How well can artificial intelligence (AI) understand language? Here at the House of Commons Library there are plenty of words or phrases we could test AI’s abilities on; ‘election’, ‘affordable housing’ or any other topic we provide briefings on. Instead, confident in the promise of AI, we gave it a more challenging task: understanding Brexit.
We let a deep learning algorithm loose on millions of words found in Hansard from Brexit-related debates in the House of Commons. ‘Deep learning’ refers to techniques that use artificial ’neural networks‘ to recognise patterns in large data sets. These networks are loosely inspired by the way neurons interact in the brain.
The algorithm learns about language by placing each different word or phrase in a particular position in a mathematical space. The ‘space’ that the algorithm uses can be made of several hundred dimensions that the algorithm experiments with. A few of these dimensions can end up making sense to us, for example size, gender or word tense, but most have no inherent meaning. Instead, it is overall patterns of location and distance between words that the algorithm discovers for itself.
For our limited human brains to be able to get a glimpse of what the AI has learnt, we collapse the hundreds of dimensions into two. The word map below is a highly simplified representation of what the algorithm has learnt. Similar words hang close together:
For example, ‘negotiations’, ‘deal’ and ‘agreement’ have clustered together (top left). Near the phrase ‘post-Brexit’ (bottom left), we can find the words ‘trade’, ‘new’ and ‘future’.
The word map above only shows a hundred words. To get the full details, we queried the algorithm directly.
We can zoom into the map and zero in on a word. For example, the ‘most similar’ or ‘closest words’ to ‘United Kingdom’ are ‘union’ and ‘UK’. We have asked the algorithm what the closest words to ‘Brexit’ are, and the response was, in order:
So, ‘Brexit’ is the outcome of a referendum and a transition.
Give us a guess
We can also ask the algorithm to predict a word, given some context. For example, when asked to predict what is going to accompany ‘house of’, the algorithm tells us to expect ‘Commons’. ‘Lords’ is only expected in 3% of cases: the AI has learnt not to expect members of the Commons to call ‘the other place’ by its proper name!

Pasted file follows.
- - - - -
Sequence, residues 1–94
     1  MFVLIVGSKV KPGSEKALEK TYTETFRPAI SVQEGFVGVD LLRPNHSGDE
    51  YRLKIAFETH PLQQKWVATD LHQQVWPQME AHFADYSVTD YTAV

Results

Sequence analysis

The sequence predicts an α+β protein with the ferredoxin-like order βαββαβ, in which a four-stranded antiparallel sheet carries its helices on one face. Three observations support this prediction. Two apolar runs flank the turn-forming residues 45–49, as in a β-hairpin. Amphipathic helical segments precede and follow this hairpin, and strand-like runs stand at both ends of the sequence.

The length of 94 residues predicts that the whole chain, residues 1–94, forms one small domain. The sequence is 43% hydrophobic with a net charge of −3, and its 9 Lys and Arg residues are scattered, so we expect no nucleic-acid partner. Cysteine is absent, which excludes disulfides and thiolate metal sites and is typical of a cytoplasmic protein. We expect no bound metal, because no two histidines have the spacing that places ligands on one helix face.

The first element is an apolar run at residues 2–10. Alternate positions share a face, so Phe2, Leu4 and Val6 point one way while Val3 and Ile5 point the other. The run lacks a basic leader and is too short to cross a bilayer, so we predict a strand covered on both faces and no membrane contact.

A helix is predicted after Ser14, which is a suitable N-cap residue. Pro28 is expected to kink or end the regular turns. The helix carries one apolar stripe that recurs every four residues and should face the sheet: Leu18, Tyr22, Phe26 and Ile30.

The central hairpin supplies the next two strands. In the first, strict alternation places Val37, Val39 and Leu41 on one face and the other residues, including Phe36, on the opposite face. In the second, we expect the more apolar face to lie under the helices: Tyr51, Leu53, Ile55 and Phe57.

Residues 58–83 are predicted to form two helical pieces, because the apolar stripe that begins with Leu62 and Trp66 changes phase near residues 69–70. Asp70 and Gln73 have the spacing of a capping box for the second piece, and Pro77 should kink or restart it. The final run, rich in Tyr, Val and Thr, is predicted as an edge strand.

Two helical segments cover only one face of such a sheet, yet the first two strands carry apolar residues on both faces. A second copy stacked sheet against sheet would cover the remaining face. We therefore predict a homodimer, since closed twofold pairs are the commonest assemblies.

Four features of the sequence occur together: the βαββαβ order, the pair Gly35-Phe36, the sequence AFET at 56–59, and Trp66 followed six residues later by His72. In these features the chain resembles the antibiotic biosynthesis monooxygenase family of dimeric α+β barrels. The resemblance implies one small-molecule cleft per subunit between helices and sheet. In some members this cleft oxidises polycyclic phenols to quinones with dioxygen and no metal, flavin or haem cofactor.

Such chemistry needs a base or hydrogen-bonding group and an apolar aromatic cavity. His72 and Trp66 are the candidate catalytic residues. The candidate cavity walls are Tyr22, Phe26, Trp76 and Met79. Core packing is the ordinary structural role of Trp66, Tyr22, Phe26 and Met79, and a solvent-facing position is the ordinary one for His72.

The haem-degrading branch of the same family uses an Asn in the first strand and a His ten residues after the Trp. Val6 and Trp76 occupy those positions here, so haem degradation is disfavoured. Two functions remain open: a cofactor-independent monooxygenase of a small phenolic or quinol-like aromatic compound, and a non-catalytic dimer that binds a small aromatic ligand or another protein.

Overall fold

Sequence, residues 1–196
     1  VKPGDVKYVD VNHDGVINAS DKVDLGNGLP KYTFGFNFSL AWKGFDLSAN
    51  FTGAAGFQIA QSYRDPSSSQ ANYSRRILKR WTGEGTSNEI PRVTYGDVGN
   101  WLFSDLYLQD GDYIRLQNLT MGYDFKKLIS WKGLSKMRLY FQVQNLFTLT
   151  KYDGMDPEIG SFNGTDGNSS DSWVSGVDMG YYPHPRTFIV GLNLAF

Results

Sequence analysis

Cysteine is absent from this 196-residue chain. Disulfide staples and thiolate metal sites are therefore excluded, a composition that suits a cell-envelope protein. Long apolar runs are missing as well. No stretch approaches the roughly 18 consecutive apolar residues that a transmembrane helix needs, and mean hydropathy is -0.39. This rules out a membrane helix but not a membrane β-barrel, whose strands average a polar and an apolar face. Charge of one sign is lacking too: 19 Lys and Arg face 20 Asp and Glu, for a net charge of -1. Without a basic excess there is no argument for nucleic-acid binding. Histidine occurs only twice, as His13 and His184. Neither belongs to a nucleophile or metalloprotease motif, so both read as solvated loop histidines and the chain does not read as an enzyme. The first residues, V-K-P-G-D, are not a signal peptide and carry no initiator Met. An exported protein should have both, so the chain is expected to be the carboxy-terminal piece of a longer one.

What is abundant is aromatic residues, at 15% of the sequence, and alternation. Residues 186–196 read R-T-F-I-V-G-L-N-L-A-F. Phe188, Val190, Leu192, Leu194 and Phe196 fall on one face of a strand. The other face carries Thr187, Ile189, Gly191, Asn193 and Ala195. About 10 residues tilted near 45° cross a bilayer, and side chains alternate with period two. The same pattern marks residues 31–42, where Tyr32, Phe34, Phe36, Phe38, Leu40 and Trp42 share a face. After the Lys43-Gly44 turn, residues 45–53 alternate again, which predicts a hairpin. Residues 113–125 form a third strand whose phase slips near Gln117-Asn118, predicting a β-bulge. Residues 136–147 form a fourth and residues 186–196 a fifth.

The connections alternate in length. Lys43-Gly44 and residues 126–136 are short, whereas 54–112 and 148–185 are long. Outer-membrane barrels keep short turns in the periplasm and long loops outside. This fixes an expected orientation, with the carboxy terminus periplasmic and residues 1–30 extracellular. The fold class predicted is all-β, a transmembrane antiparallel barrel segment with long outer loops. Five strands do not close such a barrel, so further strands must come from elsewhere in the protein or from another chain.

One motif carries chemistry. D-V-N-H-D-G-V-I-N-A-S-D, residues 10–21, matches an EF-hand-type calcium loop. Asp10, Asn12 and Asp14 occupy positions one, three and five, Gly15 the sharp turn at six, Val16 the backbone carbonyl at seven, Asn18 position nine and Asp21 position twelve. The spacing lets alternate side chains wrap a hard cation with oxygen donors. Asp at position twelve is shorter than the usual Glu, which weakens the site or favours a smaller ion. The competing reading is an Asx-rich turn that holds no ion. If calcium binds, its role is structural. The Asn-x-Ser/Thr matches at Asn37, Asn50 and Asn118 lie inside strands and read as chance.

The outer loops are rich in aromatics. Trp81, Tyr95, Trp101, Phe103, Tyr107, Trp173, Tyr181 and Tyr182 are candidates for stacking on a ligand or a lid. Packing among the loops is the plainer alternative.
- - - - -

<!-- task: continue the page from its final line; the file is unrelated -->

If asked to predict what word would accompany ‘Brexit’ in a speech, the algorithm’s best guess is ‘post’. So it’s not so much Brexit, but what comes next, that we’re really interested in.
Brexit + economic – political = ?
The model we have used (known as ‘word embedding’ or ‘word2vec’) can also add and subtract words from each other and get a result that makes sense, just as subtracting 1 from 3 gives you 2. A famous example is that by taking the word ‘queen’, subtracting ‘woman’ and adding ‘man’, the result you get is ‘king’.
In this vein, we asked the model to take ‘Brexit’, add ‘economic’ and subtract ‘political’. The result we got was ‘trade’.
Asking the reverse (‘Brexit’ less ‘economic’ plus ‘political’) returns ‘referendum’, ‘vote’ and ‘general election’. Politicians beware.
Similarly, a Brexit with ‘certainty’ and without ‘uncertainty’ results in the ‘future’, a ‘final deal’ and the ‘best possible’, while a Brexit with ‘no deal’ is a ‘hard Brexit’. A Brexit with an ‘agreement’ entails an ‘implementation period’. That is correct, AI colleague.
Now for the most difficult question of all: what is predicted to follow the words ‘Brexit means’?
It turns out that for AIs and humans alike, Brexit means ‘Brexit’.